Movie News & Reviews

'A-Team' a rush of raw, radical fun

This weekend when I faced the choice between a kid and a kickass van, I went with the van.

So now you know where my loyalties lie, ladies. Sorry to disappoint all you looking to settle down with me. But as much as I love Jackie Chan, I just thought there was more potential in The A-Team than The Karate Kid.

Without having seen The Karate Kid, I can say with complete confidence that, as usual, I was right -- but I had no idea just how right I would be. In fact, I'm in such a good mood right now, I solemnly promise to make no Mr. T-related puns for the duration of this piece.

Liam Neeson and his team of maverick Army Rangers might be the best\ special ops men in the business. When plates for a U.S. mint go missing in Baghdad--a theft that could lead to billions in counterfeit bills--Neeson's A-Team is sent to recover the gear.

They return in triumph, only to be framed for the murder of a general by mercenary Brian Bloom. The A-Team's arrested, jailed. CIA agent Patrick Wilson contacts Neeson to offer a deal: if they'll hunt Bloom down and recover the plates, he'll bust them out of federal prison.

The A-Team is a ridiculous movie. It's so ridiculous it probably still wears parachute pants as it tools around town on a banana-yellow Segway equipped with a horn that plays "La Cucaracha." It doesn't even make a token gesture towards realism. It's a nonstop rush of stalling helicopters, handcuffing dogs, and shooting UAVs with tanks.

In other words, it's a druglike experience of radical mayhem you'll be wholly unable to appreciate if you're an enemy of fun.

It's okay to hate fun. There is something awful about the fact Transformers 8 will make more money in a year than the state of Delaware. We need people to remind us of that, to hop up on the soapbox and shout "You fools! Don't you realize there's more to life than dinosaurs and death rays?!"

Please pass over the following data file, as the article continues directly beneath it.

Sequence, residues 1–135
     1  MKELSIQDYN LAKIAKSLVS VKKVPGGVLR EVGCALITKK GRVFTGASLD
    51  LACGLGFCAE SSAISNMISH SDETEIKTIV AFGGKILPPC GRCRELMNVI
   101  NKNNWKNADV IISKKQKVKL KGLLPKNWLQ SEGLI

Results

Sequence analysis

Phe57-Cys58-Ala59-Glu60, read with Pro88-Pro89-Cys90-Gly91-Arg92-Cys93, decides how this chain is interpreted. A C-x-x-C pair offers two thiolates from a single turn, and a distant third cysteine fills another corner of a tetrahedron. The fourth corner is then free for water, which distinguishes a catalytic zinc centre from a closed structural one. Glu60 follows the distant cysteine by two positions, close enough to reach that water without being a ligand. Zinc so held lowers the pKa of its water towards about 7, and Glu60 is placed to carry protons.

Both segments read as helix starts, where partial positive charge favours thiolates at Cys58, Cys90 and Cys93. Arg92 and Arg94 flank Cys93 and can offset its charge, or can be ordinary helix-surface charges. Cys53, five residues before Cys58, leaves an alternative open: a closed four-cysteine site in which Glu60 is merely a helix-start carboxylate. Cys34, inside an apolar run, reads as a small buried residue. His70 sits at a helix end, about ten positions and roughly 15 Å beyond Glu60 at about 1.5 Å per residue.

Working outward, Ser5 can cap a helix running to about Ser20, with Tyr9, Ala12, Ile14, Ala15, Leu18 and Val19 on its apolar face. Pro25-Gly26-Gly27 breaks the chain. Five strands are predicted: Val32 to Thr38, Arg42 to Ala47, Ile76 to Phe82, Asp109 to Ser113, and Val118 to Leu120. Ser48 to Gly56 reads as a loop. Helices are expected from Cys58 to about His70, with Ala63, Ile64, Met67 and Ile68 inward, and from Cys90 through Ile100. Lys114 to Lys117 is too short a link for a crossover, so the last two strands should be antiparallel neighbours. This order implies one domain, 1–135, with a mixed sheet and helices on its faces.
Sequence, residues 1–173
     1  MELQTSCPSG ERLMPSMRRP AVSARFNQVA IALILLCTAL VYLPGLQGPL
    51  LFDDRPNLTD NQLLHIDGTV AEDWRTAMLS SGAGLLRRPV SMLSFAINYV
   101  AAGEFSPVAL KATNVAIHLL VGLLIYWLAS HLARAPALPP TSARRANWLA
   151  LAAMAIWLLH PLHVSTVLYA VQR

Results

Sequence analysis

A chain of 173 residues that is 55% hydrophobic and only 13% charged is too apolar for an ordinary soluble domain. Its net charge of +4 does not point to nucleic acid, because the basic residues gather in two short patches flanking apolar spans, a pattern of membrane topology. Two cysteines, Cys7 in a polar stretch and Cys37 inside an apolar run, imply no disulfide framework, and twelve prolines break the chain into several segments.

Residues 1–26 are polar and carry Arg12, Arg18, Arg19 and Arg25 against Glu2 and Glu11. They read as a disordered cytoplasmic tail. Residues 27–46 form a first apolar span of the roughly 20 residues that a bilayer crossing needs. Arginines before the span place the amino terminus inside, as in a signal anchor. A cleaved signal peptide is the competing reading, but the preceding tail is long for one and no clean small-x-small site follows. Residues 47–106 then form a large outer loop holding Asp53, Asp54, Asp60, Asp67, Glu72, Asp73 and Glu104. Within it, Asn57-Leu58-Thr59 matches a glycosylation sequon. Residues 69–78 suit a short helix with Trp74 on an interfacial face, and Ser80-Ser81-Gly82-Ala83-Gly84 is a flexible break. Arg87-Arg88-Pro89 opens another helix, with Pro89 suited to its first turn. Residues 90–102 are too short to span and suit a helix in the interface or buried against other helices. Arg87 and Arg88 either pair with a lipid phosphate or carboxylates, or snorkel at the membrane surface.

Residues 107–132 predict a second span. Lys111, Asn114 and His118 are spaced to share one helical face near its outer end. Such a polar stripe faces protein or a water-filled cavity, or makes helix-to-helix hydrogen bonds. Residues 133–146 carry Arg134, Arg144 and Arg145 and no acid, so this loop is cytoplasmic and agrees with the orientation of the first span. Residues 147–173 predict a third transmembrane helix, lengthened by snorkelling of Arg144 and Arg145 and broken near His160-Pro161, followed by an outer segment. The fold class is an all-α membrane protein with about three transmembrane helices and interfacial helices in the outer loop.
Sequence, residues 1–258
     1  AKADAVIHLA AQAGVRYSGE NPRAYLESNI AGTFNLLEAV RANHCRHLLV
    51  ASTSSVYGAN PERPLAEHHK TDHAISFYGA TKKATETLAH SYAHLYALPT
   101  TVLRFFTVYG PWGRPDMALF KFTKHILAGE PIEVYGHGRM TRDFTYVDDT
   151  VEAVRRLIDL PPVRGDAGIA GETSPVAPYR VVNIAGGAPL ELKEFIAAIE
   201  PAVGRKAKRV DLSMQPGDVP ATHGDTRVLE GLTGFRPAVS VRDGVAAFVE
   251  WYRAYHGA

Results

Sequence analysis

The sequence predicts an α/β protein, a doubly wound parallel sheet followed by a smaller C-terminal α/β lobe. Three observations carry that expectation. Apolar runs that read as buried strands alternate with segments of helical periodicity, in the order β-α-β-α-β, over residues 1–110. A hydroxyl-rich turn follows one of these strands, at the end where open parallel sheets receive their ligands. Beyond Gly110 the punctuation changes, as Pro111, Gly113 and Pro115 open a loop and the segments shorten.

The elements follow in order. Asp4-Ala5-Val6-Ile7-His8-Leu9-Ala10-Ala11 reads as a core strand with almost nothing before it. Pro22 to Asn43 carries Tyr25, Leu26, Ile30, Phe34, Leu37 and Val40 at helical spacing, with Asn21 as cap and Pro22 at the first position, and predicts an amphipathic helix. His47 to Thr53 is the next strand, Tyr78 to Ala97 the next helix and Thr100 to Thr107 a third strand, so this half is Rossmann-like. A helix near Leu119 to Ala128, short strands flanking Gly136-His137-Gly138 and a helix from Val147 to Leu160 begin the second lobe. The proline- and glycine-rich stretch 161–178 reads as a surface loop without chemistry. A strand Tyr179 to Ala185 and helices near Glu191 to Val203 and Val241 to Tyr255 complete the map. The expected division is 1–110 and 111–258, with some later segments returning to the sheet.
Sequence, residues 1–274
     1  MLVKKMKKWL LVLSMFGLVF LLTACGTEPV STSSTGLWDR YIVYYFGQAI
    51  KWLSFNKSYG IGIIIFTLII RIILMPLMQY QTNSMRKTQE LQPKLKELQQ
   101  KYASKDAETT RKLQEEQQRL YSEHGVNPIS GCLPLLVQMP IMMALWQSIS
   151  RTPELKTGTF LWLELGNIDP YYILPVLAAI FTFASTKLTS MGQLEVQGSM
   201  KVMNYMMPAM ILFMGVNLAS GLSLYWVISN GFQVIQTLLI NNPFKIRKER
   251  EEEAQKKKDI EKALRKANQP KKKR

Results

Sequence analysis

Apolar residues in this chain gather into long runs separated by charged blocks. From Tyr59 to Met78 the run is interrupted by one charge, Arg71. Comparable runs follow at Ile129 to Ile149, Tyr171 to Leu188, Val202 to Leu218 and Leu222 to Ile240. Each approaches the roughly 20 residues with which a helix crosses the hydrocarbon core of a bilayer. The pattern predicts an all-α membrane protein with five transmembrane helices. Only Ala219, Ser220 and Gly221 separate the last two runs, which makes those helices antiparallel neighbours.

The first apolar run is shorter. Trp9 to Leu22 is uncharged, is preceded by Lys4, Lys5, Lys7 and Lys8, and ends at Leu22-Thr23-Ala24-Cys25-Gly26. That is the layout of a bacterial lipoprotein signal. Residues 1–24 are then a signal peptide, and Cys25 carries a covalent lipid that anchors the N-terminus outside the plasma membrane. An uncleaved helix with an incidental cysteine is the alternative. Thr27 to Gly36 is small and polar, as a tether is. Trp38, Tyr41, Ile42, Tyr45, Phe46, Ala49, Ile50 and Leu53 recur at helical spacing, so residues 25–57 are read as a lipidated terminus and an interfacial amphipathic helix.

I'm just saying if you can't appreciate the raw, awesome glory of crash landing a free-falling tank into an alpine lake, you might be more comfortable rewatching something from your shelf of Iranian cinema instead.

Yet frothing-at-the-mouth action is not the only weapon director/cowriter Joe Carnahan brings to bear. Carnahan's past work has showed a lot of the sleazy, riff-heavy, sub-sub-Tarantinoism that infected a whole generation of directors, but he's wisely expanded his repertoire to include Paul Greengrass' Bourne shakycam, and editing that's a bizarrely effective amalgam of Michael Bay's cuts and the extended montage-feel of The Departed, leaving The A-Team breezy, cocky, and loaded with laughs.

The cast helps on that front. That last part has a lot to do with the cast. Sharlto Copley (the lead from District 9) is a funny, funny man, and Bradley Cooper isn't just the empty face I thought him to be. Wilson's hilarious, too. Carnahan gives their banter an improvisational feel, then rips right along, making you race to catch up with all the jokes happening on the sidelines.

Granted, it's not all fun and games and missile strikes. The third act sags as soon as it turns serious, and it's totally soaked in the flashy gasoline of big Hollywood action movies. But it works, damn it. Way more than it has any right to. The A-Team is how mindless entertainment should look.

Grade: B+